Providing a safe and supportive environment where the girls aren’t judged on their ability has had a positive impact on Sasha and Erin’s willingness to take on unfamiliar challenges and has seen them build confidence in them themselves and what they can achieve This is despite their relative lack of skateboard riding experience before they attended the programme.


“They (the girls) were a bit timid before, so the fact that they’re doing something that they find scary and achieving (at) it, and they’re dropping in from a new height that they haven’t done before.  You can see they are pretty scared.  (But) they eventually build up the courage to overcome that and do it.  I think that has got to be a positive thing”.

“When we first started (attending the skateboard sessions) they (the girls) were quite risk adverse and probably weren’t keen to push themselves if they weren’t comfortable. Now I watch them on their boards and they’re willing to do things that don’t feel comfortable.  They are not necessarily completely scared of doing it, but it is beyond their comfort zone.  I see that in their skateboarding.

I think they’re a lot calmer now as well – at home. That could just be physical exercise, they’re out there doing something and when they come home they’re knackered. It is a physical exercise that they can do (independently) and (it’s something) they’re willing to do for hours.  Even if we got them out on a bike they wouldn’t be doing that for hours, but because of the variety of skateboarding they can stay there and keep going and going and going.


Role Models




Research consistently shows that positive adult role models are a key factor in encouraging girls participation and retention in sports and physical activity.

“Definitely Tania is a key reason (the girls attend the skateboard session). She is such an inspiration to the two girls. The fact that she is consistently at every event that the girls go to (is important).  Like when you guys (OnBoard Skate) organise the structured lessons she will be there, so it is (a) constant.  At their (Sasha & Erin’s) age I think they kind of want to build that affinity to someone.  Also, even things that aren’t related to OnBoard Skate – like there was an indoor skate ramp (girls only event) last weekend and Tania was there.  So, the girls have this good role model to follow. I think that is a key thing for them”.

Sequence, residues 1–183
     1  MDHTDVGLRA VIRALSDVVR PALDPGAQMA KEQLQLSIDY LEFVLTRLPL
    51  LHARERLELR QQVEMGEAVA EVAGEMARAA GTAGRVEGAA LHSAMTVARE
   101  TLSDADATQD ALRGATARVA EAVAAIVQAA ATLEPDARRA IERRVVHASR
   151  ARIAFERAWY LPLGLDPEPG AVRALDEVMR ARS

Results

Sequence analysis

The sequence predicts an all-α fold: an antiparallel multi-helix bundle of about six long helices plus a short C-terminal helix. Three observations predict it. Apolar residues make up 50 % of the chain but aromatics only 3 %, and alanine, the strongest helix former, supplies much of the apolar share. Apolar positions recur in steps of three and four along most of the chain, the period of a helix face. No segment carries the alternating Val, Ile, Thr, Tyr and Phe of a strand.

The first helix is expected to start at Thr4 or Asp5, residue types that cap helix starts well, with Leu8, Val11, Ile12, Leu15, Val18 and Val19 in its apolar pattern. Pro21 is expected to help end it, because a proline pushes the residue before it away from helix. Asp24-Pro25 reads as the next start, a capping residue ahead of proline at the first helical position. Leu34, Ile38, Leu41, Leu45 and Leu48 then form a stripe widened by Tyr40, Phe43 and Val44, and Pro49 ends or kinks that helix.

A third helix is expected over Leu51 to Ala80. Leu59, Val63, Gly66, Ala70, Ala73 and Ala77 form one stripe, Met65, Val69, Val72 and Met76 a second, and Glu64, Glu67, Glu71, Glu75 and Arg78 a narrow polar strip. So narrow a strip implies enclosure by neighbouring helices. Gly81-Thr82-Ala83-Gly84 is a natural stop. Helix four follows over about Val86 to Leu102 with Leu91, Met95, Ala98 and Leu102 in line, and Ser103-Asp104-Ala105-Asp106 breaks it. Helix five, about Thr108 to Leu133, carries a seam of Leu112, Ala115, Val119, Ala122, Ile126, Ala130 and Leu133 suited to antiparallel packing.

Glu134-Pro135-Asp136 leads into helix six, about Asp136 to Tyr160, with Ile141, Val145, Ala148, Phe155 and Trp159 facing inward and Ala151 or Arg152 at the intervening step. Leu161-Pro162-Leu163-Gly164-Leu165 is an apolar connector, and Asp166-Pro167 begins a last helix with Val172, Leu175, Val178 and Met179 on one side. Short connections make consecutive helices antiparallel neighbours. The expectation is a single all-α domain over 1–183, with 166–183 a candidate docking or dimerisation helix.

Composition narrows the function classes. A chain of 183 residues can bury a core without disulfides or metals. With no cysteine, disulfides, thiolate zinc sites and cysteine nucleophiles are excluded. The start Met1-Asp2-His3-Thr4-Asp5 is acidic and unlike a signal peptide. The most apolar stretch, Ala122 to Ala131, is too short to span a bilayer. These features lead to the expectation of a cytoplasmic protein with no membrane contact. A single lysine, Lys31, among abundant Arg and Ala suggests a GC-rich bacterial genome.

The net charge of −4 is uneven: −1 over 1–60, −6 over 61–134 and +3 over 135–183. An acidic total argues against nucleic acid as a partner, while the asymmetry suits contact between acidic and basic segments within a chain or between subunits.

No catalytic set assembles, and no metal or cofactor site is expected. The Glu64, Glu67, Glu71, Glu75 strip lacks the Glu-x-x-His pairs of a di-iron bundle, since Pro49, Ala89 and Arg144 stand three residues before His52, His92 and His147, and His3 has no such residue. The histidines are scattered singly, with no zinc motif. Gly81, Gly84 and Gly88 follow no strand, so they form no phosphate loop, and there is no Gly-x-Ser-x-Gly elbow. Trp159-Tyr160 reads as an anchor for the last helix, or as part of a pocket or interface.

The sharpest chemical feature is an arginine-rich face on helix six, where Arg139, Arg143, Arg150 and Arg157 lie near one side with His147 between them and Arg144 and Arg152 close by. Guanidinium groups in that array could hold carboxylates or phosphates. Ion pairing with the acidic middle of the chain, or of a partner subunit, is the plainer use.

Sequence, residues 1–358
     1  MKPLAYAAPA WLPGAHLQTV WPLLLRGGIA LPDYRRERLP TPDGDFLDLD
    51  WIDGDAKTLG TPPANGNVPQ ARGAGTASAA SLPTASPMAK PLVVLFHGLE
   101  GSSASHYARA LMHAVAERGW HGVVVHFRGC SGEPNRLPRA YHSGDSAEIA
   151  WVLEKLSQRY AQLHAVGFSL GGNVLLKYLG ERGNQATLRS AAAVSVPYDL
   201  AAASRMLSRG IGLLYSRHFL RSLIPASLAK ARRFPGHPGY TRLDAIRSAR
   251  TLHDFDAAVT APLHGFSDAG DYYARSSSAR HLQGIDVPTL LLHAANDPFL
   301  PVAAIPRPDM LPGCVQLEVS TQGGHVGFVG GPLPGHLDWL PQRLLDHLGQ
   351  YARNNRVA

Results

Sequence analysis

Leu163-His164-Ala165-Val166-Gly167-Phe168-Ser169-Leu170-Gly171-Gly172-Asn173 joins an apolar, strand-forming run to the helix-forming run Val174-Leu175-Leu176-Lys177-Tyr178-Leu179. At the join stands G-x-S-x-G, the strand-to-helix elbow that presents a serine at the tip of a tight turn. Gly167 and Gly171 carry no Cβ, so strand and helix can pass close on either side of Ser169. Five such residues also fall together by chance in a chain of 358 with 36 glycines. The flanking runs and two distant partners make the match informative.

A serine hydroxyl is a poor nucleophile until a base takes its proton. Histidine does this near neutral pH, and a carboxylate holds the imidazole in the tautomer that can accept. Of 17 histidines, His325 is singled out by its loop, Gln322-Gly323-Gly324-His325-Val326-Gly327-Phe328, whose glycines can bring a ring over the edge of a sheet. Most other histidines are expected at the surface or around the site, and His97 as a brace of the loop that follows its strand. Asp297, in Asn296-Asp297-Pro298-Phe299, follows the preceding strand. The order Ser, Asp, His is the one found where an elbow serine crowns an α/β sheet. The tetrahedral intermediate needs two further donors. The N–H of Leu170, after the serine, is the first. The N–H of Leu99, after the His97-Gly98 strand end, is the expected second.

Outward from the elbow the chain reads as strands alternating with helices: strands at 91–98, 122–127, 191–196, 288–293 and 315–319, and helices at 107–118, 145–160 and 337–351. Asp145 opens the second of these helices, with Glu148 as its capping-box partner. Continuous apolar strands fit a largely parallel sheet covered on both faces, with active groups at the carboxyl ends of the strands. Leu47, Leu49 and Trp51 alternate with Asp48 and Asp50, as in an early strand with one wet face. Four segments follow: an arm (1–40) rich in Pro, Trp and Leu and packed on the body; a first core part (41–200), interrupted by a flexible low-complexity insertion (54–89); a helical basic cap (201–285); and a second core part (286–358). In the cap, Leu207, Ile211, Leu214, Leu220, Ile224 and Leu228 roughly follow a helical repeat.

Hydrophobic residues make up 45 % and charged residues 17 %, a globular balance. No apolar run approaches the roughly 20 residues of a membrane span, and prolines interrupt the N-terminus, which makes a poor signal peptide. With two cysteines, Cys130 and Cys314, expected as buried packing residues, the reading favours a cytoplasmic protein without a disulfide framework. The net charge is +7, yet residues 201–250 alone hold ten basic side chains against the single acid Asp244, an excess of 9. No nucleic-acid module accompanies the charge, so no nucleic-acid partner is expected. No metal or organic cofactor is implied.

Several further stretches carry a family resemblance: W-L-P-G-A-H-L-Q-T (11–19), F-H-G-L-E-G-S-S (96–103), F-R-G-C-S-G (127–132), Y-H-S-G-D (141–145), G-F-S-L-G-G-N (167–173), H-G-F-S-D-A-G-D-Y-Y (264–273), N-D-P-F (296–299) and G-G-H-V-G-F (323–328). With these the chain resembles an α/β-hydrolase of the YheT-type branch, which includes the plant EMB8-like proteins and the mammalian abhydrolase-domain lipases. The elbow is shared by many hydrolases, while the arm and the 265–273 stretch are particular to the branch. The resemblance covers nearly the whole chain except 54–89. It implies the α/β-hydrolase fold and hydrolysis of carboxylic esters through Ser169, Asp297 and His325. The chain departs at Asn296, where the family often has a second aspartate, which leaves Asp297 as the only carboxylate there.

Having access to equipment that is appropriate for the participant’s skill level, can significantly aid their enjoyment and learning.  

“The equipment you have got are absolutely a key part (of their enjoyment), (I like the fact that) you can start with the tiny little ramp and gradually progress up (to more difficult ramps and obstacles).  Whereas if you went straight to a skate park you will be dropping in off something that is half a metre minimum. So, it may be just insurmountable if you were at a skate park to try and learn that sort of stuff, unless you were really quite OK with falling off and hurting yourself. 

Some people are OK with that.  I don’t think my girls would have been OK with that (though).  So, being able to 

gradually progress using the equipment you’ve got has been a big part of it (their enjoyment in skateboarding)”.


In this case study, we have shown how skateboarding can help engage girls in active recreation by;

  • Providing a non-competitive, non-judgmental environment where the girls can learn at their own pace.

  • Having positive, supportive female role models lead the delivery of the programmes.

  • Having equipment available (for all programme participants) that supports a safe and progressive approach to learning new and unfamiliar skills.